Infertility in a couple is defined as the inability to achieve conception despite one year of frequent unprotected intercourse. Use of this time period, while arbitrary, was based upon a study of 5574 English and American women engaging in unprotected coitus who ultimately conceived between 1946 and 1956 . Among these women, 50 percent conceived within three months, 72 percent within six months, and 85 percent within 12 months. Similar estimates were reported in later studies (figure 1).
There are four main causes of male infertility (table 1):
- Hypothalamic/pituitary disease (secondary hypogonadism) – 1 to 2 percent
- Testicular disease (primary spermatogenesis failure and hypogonadism) – 30 to 40 percent
- Posttesticular defects (disorders of sperm transport) – 10 to 20 percent
- Nonclassifiable – 40 to 50 percent
The noted frequencies represent an estimate of the approximate proportion of patients in each category presenting to a tertiary referral center with capabilities to diagnose subtle defects including Y chromosome microdeletions . It is likely that some of the non-classifiable causes will be genetic or epigenetic defects that have not yet been identified. (See "Causes of male infertility".)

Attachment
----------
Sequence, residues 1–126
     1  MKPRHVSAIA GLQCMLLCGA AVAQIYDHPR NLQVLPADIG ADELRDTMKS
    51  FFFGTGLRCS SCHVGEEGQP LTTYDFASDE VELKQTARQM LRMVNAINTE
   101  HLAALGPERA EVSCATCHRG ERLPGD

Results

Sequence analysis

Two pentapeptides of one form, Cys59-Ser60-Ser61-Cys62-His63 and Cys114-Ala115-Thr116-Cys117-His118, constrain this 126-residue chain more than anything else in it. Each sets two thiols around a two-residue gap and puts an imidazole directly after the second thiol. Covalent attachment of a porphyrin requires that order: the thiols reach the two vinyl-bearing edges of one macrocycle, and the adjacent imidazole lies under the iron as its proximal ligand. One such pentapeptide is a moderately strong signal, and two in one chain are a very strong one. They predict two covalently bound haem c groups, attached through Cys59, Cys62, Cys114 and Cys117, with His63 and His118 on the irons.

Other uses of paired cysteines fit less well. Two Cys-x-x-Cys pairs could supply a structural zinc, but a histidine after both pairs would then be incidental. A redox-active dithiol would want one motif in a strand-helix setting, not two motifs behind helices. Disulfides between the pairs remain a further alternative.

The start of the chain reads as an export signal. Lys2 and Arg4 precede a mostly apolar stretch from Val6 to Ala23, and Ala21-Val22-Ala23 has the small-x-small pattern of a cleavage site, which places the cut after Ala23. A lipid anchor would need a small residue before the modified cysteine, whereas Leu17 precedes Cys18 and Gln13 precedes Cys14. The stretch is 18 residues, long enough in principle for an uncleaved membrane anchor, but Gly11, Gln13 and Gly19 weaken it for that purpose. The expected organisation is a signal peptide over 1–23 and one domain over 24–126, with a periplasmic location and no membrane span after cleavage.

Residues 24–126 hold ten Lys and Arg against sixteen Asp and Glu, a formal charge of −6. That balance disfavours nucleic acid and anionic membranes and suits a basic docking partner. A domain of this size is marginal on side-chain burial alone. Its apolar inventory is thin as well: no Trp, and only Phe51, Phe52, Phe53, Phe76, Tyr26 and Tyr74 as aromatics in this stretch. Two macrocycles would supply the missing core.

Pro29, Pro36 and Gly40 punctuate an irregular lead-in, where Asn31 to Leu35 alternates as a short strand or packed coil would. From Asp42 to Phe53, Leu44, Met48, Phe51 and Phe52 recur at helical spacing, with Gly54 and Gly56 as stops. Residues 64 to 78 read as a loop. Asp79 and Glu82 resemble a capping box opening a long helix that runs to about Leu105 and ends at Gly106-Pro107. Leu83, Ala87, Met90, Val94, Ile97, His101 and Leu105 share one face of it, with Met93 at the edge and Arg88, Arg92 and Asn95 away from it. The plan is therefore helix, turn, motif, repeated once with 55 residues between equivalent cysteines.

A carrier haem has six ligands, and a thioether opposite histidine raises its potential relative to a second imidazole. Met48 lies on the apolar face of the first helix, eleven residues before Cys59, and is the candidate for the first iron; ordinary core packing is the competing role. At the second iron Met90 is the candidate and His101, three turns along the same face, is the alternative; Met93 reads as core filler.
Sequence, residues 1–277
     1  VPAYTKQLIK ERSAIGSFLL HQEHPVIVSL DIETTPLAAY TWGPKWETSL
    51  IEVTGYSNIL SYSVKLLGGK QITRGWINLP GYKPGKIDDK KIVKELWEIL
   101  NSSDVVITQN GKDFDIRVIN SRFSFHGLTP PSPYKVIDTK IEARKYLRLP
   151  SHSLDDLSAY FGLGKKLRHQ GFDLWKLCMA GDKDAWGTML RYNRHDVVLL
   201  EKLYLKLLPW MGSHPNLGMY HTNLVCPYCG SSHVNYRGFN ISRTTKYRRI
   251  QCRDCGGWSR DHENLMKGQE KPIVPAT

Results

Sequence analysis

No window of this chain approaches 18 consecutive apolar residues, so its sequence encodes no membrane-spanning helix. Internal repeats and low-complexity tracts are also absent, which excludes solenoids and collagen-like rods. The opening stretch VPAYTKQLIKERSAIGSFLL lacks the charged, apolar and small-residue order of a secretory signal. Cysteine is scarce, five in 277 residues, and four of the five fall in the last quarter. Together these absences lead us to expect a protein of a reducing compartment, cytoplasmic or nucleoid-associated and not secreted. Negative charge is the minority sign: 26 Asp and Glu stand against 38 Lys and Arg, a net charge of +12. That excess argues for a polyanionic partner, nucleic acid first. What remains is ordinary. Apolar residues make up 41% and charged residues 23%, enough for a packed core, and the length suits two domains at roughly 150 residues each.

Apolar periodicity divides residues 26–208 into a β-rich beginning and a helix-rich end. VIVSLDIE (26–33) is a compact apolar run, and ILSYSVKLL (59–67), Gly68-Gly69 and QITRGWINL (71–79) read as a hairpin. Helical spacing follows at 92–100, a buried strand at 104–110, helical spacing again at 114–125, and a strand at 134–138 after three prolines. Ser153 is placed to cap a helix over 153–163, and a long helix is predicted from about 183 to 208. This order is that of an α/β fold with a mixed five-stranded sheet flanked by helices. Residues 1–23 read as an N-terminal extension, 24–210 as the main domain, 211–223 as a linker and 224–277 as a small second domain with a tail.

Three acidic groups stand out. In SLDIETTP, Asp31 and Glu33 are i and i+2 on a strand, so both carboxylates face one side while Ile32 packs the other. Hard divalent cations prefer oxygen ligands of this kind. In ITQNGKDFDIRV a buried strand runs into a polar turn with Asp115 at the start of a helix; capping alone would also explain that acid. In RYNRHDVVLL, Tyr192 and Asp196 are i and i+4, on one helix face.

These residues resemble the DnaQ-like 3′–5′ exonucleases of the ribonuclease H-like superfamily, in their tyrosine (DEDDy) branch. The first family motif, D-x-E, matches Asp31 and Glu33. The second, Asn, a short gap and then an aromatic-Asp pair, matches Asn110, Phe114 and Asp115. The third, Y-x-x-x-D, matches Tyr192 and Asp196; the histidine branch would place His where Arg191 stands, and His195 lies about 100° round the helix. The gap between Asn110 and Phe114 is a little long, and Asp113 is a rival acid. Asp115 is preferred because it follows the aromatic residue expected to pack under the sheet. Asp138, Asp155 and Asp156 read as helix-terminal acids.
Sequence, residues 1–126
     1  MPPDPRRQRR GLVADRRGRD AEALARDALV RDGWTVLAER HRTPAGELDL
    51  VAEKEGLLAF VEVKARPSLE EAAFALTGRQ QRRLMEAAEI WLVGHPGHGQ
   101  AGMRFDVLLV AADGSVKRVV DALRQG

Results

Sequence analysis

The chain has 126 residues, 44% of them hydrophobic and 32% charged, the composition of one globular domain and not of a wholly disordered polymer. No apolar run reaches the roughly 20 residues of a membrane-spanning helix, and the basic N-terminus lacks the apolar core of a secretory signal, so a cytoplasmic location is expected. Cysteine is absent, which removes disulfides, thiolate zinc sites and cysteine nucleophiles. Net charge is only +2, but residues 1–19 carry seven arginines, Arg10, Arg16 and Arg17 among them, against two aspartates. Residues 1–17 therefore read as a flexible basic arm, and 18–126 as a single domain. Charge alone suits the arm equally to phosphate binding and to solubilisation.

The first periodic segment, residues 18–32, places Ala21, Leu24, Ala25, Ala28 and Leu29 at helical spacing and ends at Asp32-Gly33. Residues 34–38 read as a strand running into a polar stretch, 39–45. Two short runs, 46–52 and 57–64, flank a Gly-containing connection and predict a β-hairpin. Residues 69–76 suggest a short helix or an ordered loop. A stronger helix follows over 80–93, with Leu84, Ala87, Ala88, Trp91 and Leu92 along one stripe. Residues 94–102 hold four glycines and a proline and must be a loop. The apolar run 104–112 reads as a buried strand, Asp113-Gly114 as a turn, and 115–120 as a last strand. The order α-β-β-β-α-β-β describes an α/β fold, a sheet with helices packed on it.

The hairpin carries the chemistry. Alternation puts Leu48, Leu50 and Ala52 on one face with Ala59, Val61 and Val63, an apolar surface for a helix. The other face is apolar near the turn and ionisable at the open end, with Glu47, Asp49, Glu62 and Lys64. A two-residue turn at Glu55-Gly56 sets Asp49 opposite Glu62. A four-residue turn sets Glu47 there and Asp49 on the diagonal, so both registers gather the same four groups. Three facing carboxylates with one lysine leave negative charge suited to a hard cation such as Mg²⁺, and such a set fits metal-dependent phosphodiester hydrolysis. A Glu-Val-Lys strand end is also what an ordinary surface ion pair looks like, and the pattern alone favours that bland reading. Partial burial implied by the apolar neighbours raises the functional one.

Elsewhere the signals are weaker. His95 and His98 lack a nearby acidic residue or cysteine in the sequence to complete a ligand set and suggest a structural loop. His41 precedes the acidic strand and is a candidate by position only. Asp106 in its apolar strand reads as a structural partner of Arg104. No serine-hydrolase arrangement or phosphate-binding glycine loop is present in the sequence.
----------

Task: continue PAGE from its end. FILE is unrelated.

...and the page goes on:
This topic will review the treatment of the different causes of male infertility. The current methods of therapy are divided arbitrarily into the following categories: no available treatment, specific treatment, treatment of uncertain efficacy, empirical treatment, and treatment by assisted reproductive techniques [2-4]. The diagnostic approach to the infertile male is discussed separately. (See "Evaluation of male infertility".)